Fitch cuts global shipping outlook cut to negative
Fitch expects muted global trade growth and the economic slowdown in emerging markets to exacerbate overcapacity, leading to declining and volatile freight rates.
But performance will vary across the segments, with dry-bulk and container shipping under pressure, while tanker and LNG shipping fare better.
China's slower growth and economic transition will pose particularly significant risks for the shipping sector due to its key role in global trade, accounting for two-thirds of global iron ore imports and 20% of world coal imports.
Weaker demand growth will increase overcapacity, the key factor blighting the shipping sector's recovery prospects and putting pressure on freight rates. We expect container shipping capacity to rise 6% in 2016 on top of a 9% increase in 2015, easily outpacing demand growth of 2% this year and 3%-4.5% in 2016.
Shipping companies will continue to implement defensive measures including cost-cutting, which will be helped by lower bunker prices, slow steaming, idling and the cancellation of sailings to achieve profitability.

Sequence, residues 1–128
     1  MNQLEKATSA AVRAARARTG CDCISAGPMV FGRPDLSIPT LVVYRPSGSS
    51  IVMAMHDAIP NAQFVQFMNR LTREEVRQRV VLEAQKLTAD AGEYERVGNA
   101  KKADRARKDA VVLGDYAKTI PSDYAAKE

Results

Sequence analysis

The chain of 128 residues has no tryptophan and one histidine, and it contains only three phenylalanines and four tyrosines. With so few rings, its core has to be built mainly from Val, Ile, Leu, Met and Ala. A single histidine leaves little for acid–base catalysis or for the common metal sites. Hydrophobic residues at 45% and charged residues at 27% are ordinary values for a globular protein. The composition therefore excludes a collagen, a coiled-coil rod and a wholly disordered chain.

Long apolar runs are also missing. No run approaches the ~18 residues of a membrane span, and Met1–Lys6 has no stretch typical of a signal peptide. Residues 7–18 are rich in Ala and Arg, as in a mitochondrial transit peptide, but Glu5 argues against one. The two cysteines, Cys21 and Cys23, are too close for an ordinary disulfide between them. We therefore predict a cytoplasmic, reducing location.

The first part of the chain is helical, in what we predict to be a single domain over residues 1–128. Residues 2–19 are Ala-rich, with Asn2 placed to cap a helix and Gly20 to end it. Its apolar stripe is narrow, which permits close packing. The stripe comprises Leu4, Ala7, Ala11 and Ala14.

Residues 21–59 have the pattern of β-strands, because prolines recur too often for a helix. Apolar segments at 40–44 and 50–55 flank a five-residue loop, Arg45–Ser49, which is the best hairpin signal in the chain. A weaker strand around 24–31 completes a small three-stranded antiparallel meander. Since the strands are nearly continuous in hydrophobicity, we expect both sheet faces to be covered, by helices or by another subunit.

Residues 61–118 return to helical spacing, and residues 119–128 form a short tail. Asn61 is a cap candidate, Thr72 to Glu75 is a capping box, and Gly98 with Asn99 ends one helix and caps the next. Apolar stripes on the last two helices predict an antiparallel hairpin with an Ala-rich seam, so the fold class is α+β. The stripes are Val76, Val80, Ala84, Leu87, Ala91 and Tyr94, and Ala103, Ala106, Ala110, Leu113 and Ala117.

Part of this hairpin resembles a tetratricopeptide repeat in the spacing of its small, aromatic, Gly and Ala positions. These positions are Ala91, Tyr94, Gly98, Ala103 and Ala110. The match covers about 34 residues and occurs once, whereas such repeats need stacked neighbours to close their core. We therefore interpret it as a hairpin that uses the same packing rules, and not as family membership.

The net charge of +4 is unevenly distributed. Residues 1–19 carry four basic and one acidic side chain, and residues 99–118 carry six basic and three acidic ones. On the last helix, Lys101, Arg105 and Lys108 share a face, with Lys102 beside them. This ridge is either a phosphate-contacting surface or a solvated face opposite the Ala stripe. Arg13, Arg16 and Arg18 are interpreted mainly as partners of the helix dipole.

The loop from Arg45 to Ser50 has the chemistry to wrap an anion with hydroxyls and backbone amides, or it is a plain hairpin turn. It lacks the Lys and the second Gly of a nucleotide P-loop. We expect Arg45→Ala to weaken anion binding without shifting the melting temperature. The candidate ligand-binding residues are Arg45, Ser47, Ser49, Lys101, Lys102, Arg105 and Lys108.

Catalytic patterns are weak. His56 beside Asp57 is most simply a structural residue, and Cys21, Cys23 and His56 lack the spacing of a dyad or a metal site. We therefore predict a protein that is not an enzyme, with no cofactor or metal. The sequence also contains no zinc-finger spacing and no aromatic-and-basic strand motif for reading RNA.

But Fitch believes these measures are insufficient to lead to a protracted recovery in the sector. Rigorous capacity discipline along with a pick-up in demand would be necessary to reach a sustained equilibrium.
Fitch expects larger container shipping companies that successfully implemented cost-containment measures to remain profitable in 2016.
But the financials of smaller, unrated, especially dry-bulk shippers will remain stretched, which will probably lead to more bankruptcies.
Tanker shipping companies will outperform their peers in other segments due to more moderate fleet growth and healthy demand resulting from oil stockpiling and high refinery throughput due to low oil prices. ■